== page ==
We never had a coach on eating alternately. We’re the best we pay 30% above market. They should just get it while the human beings, they have lives outside of this, they have good days, bad days. And yeah. This was really born out of something that worked for me is taught to me by other people. So now it is my mission to, I don’t want to be a CEO is just the figurehead even now or later.

I mean, as you know, as a startup, man, this is a safe, this is it’s a busy day, right. But if, unless I carve out intentionally at least two hours, twice a week to spend with my team, I mean, that’s part of the reason we just moved into a new office. I mean, everybody else is talking about remote work. We do that, but I’m in Sioux falls.

We’ve got five other people you’re going to hire four or five. Like if 10 people in the company can be here and we can work together to teach them how to overcome objections, to teach them calling between the hours of 1 38 and 2 49, have a four X better chance of getting a hold of somebody when then not even though it should be obvious to most people.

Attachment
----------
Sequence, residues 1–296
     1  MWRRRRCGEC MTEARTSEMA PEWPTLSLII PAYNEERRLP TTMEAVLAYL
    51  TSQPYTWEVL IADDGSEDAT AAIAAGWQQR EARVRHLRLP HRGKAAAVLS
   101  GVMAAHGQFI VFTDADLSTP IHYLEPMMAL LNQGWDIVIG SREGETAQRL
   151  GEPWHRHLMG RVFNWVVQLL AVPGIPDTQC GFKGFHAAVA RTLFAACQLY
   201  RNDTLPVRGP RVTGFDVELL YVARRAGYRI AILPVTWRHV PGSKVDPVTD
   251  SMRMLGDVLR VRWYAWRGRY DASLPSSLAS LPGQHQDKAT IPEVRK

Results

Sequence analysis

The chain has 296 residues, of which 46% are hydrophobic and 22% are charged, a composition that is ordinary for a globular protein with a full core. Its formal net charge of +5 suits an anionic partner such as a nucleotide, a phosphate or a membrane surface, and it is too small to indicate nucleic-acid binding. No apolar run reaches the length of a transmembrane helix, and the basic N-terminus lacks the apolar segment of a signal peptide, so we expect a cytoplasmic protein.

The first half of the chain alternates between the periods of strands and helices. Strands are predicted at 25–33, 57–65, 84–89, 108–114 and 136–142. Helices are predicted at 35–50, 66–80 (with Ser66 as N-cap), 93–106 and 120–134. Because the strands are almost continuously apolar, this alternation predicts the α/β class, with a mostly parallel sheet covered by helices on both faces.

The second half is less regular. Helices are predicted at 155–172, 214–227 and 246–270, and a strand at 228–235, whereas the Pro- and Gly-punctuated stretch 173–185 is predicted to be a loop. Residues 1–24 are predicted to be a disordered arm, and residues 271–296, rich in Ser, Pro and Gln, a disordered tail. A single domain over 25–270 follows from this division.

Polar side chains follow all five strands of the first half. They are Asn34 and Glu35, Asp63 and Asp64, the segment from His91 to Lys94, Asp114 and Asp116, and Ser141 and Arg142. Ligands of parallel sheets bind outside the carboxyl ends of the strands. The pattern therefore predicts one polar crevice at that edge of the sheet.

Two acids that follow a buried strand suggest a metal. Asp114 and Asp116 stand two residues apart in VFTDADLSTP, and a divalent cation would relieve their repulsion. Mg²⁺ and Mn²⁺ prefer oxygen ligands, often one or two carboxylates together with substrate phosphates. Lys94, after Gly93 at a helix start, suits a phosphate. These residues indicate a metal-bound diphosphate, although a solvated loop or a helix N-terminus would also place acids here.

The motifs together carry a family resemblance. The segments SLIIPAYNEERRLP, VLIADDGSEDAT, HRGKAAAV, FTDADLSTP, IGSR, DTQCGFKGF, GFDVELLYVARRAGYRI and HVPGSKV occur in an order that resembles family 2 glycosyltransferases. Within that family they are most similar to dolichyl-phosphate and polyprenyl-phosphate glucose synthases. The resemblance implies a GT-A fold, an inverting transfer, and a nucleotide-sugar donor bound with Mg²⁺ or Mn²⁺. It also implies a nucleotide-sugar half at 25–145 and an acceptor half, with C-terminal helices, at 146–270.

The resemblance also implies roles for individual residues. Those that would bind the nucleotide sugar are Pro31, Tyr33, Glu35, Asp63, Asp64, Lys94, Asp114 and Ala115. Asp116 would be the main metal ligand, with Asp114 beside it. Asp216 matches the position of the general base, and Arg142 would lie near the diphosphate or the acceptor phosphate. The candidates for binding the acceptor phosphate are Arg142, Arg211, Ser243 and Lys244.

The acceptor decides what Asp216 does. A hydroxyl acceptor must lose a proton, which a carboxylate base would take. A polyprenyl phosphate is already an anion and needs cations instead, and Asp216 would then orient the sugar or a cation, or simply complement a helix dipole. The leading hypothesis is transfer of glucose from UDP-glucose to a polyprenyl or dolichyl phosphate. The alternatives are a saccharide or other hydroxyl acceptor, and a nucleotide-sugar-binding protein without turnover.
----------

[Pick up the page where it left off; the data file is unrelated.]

That’s not the first thing they think of when they work up, when they wake up. And so how do I get this team and their management team to start? Very very basic at the beginning. If we, if we can check box these three things. Okay, great. And then now if those three things are all in places still are work.

We can move on to objections and then we can move on to call ribbon that go down the list. But leading by example is one thing leading by showing them how to do it. And thoroughly training them is something that I have to recommit myself to daily because when I go a week without doing it, you can see it start to fade the crumble apart.

Brad Seaman: [00:21:08] Oh, yeah. So are you getting on the phone? You’re CEO, you’re starting to add people or you’re. So you’re saying you’re still getting on the phone. You’re still showing people how to make the phone calls. You’re still sharpening the knife.

Steven Schmidt: [00:21:19] Yeah. I, I actually was actively prospecting with them two days a week for the first month and a half, but that just got to be too much just, and that’s what we trained them to do, but I still a couple of hours a week, twice a week.